One reason that women haven’t been able to do this sooner is precisely because of the legal pressure exerted by industry beasts like Marty Singer and Charles Harder; lawyers who lay in waiting, ready to shut them down the second they speak out of turn.
Things feel different this time around though. These bulldog litigators appear to have had their teeth blunted.
In part that’s because their regular lines of attack – the ones that have proved to be so effective on so many unknown, civilian women – fail to work when the accusers are rich and famous themselves. Marty Singer found that out to his detriment when he called Janice Dickinson a liar.
But it’s also because of something much, much simpler. Something that people as (supposedly) smart and savvy as Singer and Harder should have seen from the start.
These lawyers are being asked to go up against their former clients. The same celebrities who helped to make their names. The stars who helped them hone their reputations. The people who have put bread on their tables for forty years – and these dumbshit lawyers are now signing on with their attackers.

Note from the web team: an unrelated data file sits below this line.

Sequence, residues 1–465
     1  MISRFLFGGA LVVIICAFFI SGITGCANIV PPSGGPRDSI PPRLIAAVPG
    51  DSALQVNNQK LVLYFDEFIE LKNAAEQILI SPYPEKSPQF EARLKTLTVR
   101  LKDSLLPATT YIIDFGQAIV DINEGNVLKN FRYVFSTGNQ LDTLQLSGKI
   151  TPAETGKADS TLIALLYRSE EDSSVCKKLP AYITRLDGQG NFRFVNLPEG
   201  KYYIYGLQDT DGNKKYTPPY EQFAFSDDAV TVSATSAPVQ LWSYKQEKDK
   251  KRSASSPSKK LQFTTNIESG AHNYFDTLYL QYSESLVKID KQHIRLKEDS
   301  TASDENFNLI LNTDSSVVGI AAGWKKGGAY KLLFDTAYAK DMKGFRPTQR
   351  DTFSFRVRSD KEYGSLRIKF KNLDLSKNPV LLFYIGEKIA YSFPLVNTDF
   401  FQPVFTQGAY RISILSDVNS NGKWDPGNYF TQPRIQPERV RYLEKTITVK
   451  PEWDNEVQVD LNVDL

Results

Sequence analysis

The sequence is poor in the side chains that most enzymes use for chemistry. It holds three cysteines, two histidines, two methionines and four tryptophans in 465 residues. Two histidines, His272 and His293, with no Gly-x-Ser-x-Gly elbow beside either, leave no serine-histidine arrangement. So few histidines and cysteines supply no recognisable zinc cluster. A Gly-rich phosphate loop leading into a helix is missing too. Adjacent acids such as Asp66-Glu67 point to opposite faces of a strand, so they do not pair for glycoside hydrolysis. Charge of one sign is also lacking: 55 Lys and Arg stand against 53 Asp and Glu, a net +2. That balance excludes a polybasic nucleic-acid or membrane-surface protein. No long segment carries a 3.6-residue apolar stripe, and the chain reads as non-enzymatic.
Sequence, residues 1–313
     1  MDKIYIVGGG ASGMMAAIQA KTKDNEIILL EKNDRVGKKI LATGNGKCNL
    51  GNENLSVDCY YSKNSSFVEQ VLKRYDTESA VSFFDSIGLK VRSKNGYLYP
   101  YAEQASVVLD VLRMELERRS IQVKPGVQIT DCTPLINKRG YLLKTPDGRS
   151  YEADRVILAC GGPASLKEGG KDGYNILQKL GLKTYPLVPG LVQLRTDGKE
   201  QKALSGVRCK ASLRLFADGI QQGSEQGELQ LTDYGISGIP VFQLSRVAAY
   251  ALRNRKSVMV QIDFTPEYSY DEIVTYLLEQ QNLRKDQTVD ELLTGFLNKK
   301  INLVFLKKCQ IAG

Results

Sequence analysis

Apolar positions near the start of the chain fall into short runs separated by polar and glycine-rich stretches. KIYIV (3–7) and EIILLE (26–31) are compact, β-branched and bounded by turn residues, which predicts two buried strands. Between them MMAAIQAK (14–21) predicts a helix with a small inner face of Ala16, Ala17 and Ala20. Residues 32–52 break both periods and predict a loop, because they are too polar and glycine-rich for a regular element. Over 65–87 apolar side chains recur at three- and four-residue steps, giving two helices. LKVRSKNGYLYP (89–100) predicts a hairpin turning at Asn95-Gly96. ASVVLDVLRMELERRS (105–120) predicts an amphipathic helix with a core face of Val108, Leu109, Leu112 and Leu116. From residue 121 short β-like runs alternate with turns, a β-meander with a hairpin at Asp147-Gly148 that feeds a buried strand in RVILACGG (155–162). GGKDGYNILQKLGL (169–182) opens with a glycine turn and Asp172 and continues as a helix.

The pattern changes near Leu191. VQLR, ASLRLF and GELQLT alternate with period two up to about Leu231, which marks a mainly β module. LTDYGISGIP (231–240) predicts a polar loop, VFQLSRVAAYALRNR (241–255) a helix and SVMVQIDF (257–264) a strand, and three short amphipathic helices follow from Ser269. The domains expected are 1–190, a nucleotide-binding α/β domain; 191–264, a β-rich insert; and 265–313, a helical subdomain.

To get a sense of how utterly idiotic this is, imagine you’re a solicitor. Imagine you’ve spent your whole career specialising in wills. Your entire client list is made up of old men and women whose custom pays your bills, whose trust you have worked diligently to obtain, whose testimonials keep you in ongoing business. It’s been this way for two generations now and your firm’s reputation is stellar.
Now imagine that the opportunity to represent Dr Harold Shipman comes across your desk.
Imagine taking that. Imagine thinking it was in any way sensible to represent the one person who, more than anyone else, has specifically targeted your exact client base for years – the fucking posterboy for old lady murder – and thinking you could turn up to work the next week and pick up where you left off with your regulars.
People would drop you in a heartbeat. You’d be left having to hoover up whatever hopeless, deadbeat leads you could just to make ends meet. You’d be representing the absolute dregs of your industry.
Obviously everyone is entitled to legal representation. Harold Shipman. Harvey Weinstein. Even Piers Morgan. They all deserve a lawyer. That’s one of the tenets of a just and fair society.
But in every career, choices have to get made – and it seems that Hollywood’s swinging dick superlawyers just can’t keep from making the wrong ones.
Can’t say we’re sad to see them go.